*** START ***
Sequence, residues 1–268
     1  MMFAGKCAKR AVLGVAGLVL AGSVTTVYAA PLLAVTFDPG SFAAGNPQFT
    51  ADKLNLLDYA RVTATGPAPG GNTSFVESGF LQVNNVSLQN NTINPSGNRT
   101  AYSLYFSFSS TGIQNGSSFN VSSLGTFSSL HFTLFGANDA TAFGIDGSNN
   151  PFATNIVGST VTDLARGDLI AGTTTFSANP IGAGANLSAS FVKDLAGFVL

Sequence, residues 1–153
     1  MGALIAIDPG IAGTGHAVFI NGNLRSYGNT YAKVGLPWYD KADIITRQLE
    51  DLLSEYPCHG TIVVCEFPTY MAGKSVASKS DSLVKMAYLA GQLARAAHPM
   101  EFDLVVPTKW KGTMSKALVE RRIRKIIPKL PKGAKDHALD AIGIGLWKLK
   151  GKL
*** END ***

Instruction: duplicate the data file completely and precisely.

Sequence, residues 1–268
     1  MMFAGKCAKR AVLGVAGLVL AGSVTTVYAA PLLAVTFDPG SFAAGNPQFT
    51  ADKLNLLDYA RVTATGPAPG GNTSFVESGF LQVNNVSLQN NTINPSGNRT
   101  AYSLYFSFSS TGIQNGSSFN VSSLGTFSSL HFTLFGANDA TAFGIDGSNN
   151  PFATNIVGST VTDLARGDLI AGTTTFSANP IGAGANLSAS FVKDLAGFVL

Sequence, residues 1–153
     1  MGALIAIDPG IAGTGHAVFI NGNLRSYGNT YAKVGLPWYD KADIITRQLE
    51  DLLSEYPCHG TIVVCEFPTY MAGKSVASKS DSLVKMAYLA GQLARAAHPM
   101  EFDLVVPTKW KGTMSKALVE RRIRKIIPKL PKGAKDHALD AIGIGLWKLK
   151  GKL